Environmental Justice

April Baptiste, ,
Colgate University


This course evaluates the beginnings of environmental justice as a concept and examines its development into an emerging field. Students will learn to critically analyze examples of environmental justice cases, develop an understanding of the complex relationships among actors, and understand the social, political, and economic processes that lead to environmental injustices.

Course Size:

Course Format:
Small-group seminar

Institution Type:
Private four-year institution, primarily undergraduate

Course Context:

This is an introductory course with no pre-requisites. It is a required course for all environmental studies majors including the topical environmental majors. It can also be used to meet the interdisciplinary course college requirement. Over 95 % the registered students are environmental majors and on rarely there are non-majors in the course. The course is filled each semester that it is offered and it is offered at least twice for the academic year.

Course Content:

This course examines concepts of race, class,rights, and its role in the siting of hazardous waste facilities particularly in the US context. It also examines the historical development and theoretical underpinnings of environmental justice. Students learn how to critically apply the concepts and theory of environmental justice to various case studies such as natural hazards, food, climate change, indigenous populations and the urban context through intensive writing assignments, poster development, online forums, and oral presentations.

Course Goals:

The goal of this course is to provide students with an interdisciplinary approach to environmental issues through the environmental justice lens. Students will be able to:
1. Provide a clear description of what is environmental justice
2. Understand and explain the underlying theoretical constructs of environmental justice
3. Critically analyze of how marginalized communities are affected by environmental injustices, providing concrete examples of incidences where these have occurred
4. Present clearly their ideas about environmental justice to an audience

Course Features:

The course has several writing assignments which allow students to assess a selected environmental justice problem. These individual assignments allows students to display their knowledge and critical thinking skills on environmental justice. There is a poster assignment also associated with this course. Students work in pairs on a selected environmental problem which is researched over the semester. Each pair then presents the poster to the class and other invited members, allowing students to clearly relate their research on environmental justice to other non-experts. Finally small group discussions during class periods allow for students to brainstorm and discuss environmental justice concepts and examples with their peers.

Course Philosophy:

This course on environmental justice was developed after a redesigning of the environmental studies program to foster a holistic student who understands the underlying role of inequities in environmental issues. Given the perceived sensitive nature of environmental justice, the course is designed to allow students to be able to openly express concerns about race, class and rights issues. Usually an early class session is used for coalition building which sets the tone for the semester. The group discussions, and online forums provide a space for differing and at times contradictory views to be engaged in an open manner. Movie screenings are used as expose students to difficult topics and to instill discussions as well. As students are at times closed to the idea of race, class, and rights playing a central role in decision-making with respect to environmental problems a variety of strategies is used to teach the concepts of environmental justice.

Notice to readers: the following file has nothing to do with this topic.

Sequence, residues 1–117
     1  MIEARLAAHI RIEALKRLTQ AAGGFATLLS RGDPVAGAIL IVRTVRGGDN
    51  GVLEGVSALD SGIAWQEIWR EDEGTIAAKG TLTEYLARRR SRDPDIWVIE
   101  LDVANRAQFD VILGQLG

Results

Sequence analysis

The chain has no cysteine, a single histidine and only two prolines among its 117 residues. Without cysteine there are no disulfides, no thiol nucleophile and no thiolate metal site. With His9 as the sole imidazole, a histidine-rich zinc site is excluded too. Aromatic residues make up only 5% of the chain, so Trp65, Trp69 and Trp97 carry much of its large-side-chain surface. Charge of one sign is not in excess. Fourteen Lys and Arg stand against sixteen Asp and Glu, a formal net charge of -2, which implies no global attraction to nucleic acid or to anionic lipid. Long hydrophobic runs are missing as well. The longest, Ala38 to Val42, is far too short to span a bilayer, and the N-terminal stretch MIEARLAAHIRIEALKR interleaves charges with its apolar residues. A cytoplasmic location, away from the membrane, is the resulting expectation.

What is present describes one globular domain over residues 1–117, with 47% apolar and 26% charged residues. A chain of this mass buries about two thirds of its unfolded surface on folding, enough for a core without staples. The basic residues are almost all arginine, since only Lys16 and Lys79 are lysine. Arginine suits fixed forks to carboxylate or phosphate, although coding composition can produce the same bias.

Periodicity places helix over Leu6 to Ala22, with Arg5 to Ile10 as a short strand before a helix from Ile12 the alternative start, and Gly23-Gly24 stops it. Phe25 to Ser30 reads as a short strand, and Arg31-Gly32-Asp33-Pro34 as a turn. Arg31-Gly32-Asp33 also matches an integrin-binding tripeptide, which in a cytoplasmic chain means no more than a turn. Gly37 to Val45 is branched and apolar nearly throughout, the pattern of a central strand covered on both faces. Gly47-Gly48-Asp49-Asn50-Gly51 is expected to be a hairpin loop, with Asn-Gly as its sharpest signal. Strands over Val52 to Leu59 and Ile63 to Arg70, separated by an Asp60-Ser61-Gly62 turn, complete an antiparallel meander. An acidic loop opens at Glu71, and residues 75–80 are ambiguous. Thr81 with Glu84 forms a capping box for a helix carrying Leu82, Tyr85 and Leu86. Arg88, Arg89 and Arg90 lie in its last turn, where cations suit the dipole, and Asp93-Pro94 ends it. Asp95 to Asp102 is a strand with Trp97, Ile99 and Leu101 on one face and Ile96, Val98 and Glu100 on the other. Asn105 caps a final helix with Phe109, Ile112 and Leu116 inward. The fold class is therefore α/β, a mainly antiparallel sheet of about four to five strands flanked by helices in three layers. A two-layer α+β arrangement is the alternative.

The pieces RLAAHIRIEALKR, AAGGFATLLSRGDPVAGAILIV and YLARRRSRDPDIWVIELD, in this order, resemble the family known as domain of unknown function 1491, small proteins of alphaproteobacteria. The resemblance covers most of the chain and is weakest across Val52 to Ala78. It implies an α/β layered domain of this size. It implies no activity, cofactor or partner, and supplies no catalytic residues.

There are a number of ways in which students are assessed in this course, based on both individual and group assignments.

Individual Work
1. Class Participation is assessed by both in class participation (assessed both in terms of quality and frequency of participation in class discussions) and by online discussion forums.

2. Take home writing assignments: Students are provided with three writing assignments which are involved usually between 8-10 pages per assignment. One of the assignments is a mapping assignment, where students develop flow maps showing the relationships among different stakeholders in an environmental problem explaining the role and relationships and how they lead to environmental injustices.

Group Work
The academic poster is the only group assignment in this course. Students work on their proposal for the entire semester and are assessed both on the quality of the final poster and their presentation, but they are also assessed on the level of involvement they had in the creation of the final poster throughout the semester long process.


References and Notes:

Pellow, D.N. & R.J. Brulle. (2005). Power, Justice and the Environment: A Critical Appraisal of the Environmental Justice Movement. Cambridge, MA: MIT Press
Please see attached syllabus